Through Thursday of next week, the 51st Chicago International Film Festival will screen 208 foreign and independent films at the behemoth AMC River East 21. As theaters go, it’s as deluxe as they come, boasting 21 screens and sharing space with a bowling alley and steampunk barcade. It’s also a far cry from the festival’s seedy birthplace, the Carnegie Theatre, and its home in the ’70s and ’80s, the Granada—both demolished in the ’80s.
Which raises the question: With Chicago’s premiere art-film event planting roots at a major multiplex, how are the city’s arthouses faring?
According to Barbara Scharres of the Siskel Film Center, not great—but not necessarily worse than during the Blockbuster era. “If you’re going talk about the past 10 to 15 years,” says Scharres, who’s worked at the theater for 40 years, “the whole exhibition landscape has changed—not only for [arthouses], but for every exhibitor of film. We’re all in competition with home video.”
The trick, she says, is programming quirk: the good, bad, and otherwise bizarre that you won’t find in even the darkest corners of the internet. Scharres points to Jean-Luc Godard’s critically divisive Goodbye to Language—an experimental essay film dubbed alternately brilliant and a snooze-fest after its 2014 premiere. The film ran for an unprecedented three weeks at the Siskel Center in January and drew massive numbers for the theater. “We took a pretty big risk installing 3-D throughout the theater at considerable cost,” Scharres says. “But we figured there were enough people out there who wanted to see that film. We get excited about the cutting edge, and we hope there’s an audience out there that still [does] too.”
But what a healthy dose of Jean-Luc hasn’t solved is the Siskel Center’s young-people problem: They aren’t coming in at a sustainable frequency, and that has implications for the future of the theater. “I know very well that this is the situation with arts venues across the board, whether you’re talking about art house exhibitors or the Chicago Symphony or Steppenwolf Theatre,” Scharres says. “The audience skews older.”
At the Music Box Theatre in Lake View, programming director Brian Andreotti draws in young audiences by competing with other nightlife (in his mind a larger threat than Netflix). “People sometimes think the biggest competition for movie theaters is home entertainment,” says Andreotti, who’s worked as the century-old theater’s programming director since 1995. “But people are going to go out on the weekends, so that’s the audience we’re competing for.”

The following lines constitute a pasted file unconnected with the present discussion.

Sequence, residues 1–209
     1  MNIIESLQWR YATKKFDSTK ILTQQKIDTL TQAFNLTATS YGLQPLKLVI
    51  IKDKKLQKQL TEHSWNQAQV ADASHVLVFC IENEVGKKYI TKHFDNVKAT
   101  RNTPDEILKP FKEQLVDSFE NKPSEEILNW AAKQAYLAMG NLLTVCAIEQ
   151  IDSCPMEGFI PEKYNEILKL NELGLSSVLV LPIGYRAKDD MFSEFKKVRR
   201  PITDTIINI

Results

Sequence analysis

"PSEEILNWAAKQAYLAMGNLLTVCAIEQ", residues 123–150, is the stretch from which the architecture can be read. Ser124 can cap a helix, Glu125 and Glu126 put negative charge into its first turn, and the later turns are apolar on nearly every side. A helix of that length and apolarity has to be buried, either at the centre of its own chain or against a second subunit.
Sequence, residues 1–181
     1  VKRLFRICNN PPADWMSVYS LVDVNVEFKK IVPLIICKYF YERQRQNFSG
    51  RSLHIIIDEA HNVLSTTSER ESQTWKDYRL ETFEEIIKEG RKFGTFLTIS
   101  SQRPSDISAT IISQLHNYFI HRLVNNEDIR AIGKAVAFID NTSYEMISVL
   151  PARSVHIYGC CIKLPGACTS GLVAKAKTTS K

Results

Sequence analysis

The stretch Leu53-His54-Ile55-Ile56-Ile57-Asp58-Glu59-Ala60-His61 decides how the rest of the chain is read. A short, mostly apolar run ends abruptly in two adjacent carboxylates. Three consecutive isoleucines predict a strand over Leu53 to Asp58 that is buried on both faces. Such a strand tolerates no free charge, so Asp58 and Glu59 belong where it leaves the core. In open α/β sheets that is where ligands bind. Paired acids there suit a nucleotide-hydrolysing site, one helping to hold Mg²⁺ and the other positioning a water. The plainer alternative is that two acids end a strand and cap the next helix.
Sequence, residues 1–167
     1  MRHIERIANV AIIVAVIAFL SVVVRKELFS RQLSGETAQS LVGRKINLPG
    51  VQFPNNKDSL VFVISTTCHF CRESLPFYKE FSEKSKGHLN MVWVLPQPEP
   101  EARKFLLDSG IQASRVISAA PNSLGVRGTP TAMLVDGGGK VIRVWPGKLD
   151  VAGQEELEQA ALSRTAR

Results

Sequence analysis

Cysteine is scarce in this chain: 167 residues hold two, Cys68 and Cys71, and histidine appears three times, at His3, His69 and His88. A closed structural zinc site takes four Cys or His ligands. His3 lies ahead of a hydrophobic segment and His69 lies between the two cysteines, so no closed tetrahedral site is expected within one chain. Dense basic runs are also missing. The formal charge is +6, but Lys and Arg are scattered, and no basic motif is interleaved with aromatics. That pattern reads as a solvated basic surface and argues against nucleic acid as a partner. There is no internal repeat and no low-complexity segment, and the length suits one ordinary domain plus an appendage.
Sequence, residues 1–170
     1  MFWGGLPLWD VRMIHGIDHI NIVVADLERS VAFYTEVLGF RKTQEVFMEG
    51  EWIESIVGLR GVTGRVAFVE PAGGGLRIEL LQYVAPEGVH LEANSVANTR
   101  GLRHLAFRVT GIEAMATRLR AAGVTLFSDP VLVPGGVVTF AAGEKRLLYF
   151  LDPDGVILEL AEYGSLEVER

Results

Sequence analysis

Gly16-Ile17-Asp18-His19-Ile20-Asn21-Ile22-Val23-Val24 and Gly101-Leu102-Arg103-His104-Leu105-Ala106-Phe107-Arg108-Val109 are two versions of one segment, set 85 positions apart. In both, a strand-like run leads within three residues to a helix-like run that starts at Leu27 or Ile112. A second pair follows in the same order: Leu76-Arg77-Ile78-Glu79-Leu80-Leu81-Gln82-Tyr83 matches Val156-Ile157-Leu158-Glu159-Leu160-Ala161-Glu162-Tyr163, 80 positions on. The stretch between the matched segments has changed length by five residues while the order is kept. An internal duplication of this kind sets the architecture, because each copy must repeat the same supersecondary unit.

To do that, the Music Box has gradually shifted its focus to “eventized” programming, or, taking rare films and presenting them as interactive screenings including artist talks and fan festivals. For old souls, the Music Box runs a film-noir festival each August. At Halloween, slasher junkies gawk at the theater’s 24-hour horror marathon. With semi-regularity, guests can sing along to The Sound of Music and peacock with The Rocky Horror Picture Show. And once a month, crowds flock to the theater’s midnight screenings of The Room, widely regarded as the worst film of all time and a top-seller for the Box. “If we had [exclusively] stuck with award-winning foreign-language film, I would imagine our audience would be aging,” says Andreotti. “But because our programming is so diverse, so is our audience.”
The effort seems to be paying off. In a 2014 survey of 20,000 attendees at 30 arthouses across the country conducted by theater organization Art House Convergence, the Music Box’s attendance was 16 percent above average in the 25 to 34 age range and 8 percent above average in the 35 to 44 range. (The national median was about 50 years old.) “It doesn’t surprise me,” says AHC managing director Barbara Twist, who helped conduct the survey. “[The Music Box] does so much community engagement; they have a bar.” Backed by the success, the Music Box team is not slowing down: They recently launched an annual membership program offering cheap tickets, private screenings, and freebies to avid viewers, and this spring they opened a lounge and second bar off the theater’s lobby.
The Music Box’s vitality shows in more than the numbers, too. Asked to highlight the theater’s successes in 2015, Andreotti points to an email he received after screening the obscure Ukrainian film The Tribe. “I asked how the person had heard about the film,” says Andreotti. “He said, ‘I saw the trailer when I saw The Third Man at the Music Box.’ Turns out, this was a high school student from the suburbs who was coming in to see these restored art films.” That level of curation, says Andreotti, is becoming rarer: “The thing about Netflix is it gets to know your viewing habits, but when you come to the Music Box, we’re gonna say, ‘Hey now that you’re here, here’s a film you never would’ve heard of.’”